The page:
Reasonably Catholic: Keeping the Faith


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No Godtalk, please. We’re Christian.

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JM Headshot_SmallJonathan Merritt is the author of Learning to Speak God from Scratch: Why Sacred Words are Vanishing — and How We Can Revive Them. “If we do not use sacred words, then our minds will be less attuned to transcendence,” he says in the book. “If we do not have spiritual conversations, then we’ll be less shaped by our spirituality.”

Merritt holds graduate degrees from Southeastern baptist Theological Seminary and Emory University’s Candler School of Theology. He writes on faith and culture, including for The Atlantic. Among his other books is Jesus is Better Than You Imagined.

 


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Sex, religion, and politics: what’s past is prologue

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Podcast link: https://reasonablycatholic.com/wp-content/uploads/2019/01/Reasonably-In-Action0-1.mp3

R. Marie GriffithR. Marie Griffith, a professor at Washington University in St. Louis and the director of the Danforth Center on Religion and Politics, is the author of Moral Combat: How Sex Divided American Christians and Fractured American Politics. 


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We’re for the birds!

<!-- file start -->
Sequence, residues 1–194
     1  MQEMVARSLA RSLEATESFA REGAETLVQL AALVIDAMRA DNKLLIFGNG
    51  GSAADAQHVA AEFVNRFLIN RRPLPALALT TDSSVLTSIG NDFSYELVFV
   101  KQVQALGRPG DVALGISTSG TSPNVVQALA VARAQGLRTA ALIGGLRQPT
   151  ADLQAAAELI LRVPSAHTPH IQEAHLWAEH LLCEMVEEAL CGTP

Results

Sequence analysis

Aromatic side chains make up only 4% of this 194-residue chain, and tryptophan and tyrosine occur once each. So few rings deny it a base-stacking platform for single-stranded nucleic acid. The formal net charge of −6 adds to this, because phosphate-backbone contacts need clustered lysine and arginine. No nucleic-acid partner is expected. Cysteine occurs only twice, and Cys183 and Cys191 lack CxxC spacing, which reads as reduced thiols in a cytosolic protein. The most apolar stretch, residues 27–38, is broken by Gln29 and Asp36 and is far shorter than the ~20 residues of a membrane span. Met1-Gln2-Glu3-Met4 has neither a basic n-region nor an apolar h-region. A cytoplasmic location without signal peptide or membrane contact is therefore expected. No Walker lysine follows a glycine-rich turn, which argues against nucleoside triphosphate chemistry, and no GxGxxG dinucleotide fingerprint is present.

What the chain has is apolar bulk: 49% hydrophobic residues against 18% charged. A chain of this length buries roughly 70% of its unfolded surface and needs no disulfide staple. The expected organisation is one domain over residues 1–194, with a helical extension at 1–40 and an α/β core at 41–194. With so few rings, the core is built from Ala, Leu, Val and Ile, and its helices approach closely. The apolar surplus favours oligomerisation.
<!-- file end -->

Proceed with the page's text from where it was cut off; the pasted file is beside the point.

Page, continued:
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Podcast link: https://reasonablycatholic.com/wp-content/uploads/2019/01/Reasonably-In-Action0.mp3

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For the third year in a row, we dedicate our first episode of the New Year to the National Audubon Society’s Christmas Bird Count, the nation’s longest-running citizen science project in which groups of volunteers in a designated area count every bird they see, with the data used to track trends.

In this 119th year of the count, I joined volunteers for the Stratford/Milford, CT, count. We posted ourselves at Russian Beach, at the edge of Long Island Sound in Stratford, then, in a nearby woodlot, team leader Frank Mantlik quickly located this Barred Owl, shown here on the screen of Frank’s camera.

According to Frank’s report, the team counted an impressive “112 species, including 3 Northern Shoveler, 8 Canvasback, 3 Redhead, all 3 Scoters, 6 Great Egret, all 3 Accipiters, both Vultures, all 3 Falcons, 1 Clapper Rail, Black Bellied Plover, Killdeer, Purple Sandpiper, 4 Owls (including 6 Barred Owl, 3 Long-eared Owl), 7 Raven, 47 H Lark, 2 RB Nuthatch, 2 Br Creeper, 5 Winter Wren, 4 GC Kinglet, 4 E Bluebird, 2 Hermit Thrush, 3 Gr Catbird, 1 Am Pipit, 37 Snow Bunting, 2 YR Warbler, 7 Field Sparrow, 6 WC Sparrow, 6 Fox Sparrow, 6 Swamp Sparrow, 1 E Towhee, 12 Purple Finch, 1 Pine Siskin, 1 Ipswich Sparrow and 28 Boat-tailed Grackle.  Count Period birds included Iceland Gull, Razorbill, Northern Gannet and Short-eared Owl.”

The bird count continues through Jan. 5. To learn how you might still join in, check the audubon.org site.

Here are more photos from a glorious day!

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3We started our day at 6 a.m. with a hearty breakfast at the Blue Sky Diner in Stratford. Above, team leader Frank Mantlik; below, from left, Patrick Comins, executive director of Audubon CT; bird count veteran Ryan Maclean; and Stefan Martin, who works with various Audubon chapters.

14 Patrick Comins

Last three photos show: (in car) Corrie Folsom-O’Keefe, Audubon Connecticut’s Bird Conservation Programs Manager; Genevieve Nuttall, Audubon Connecticut’s Bird Conservation Program Associate; and high school student Nivea Ortiz, who saw her first-ever owl that day!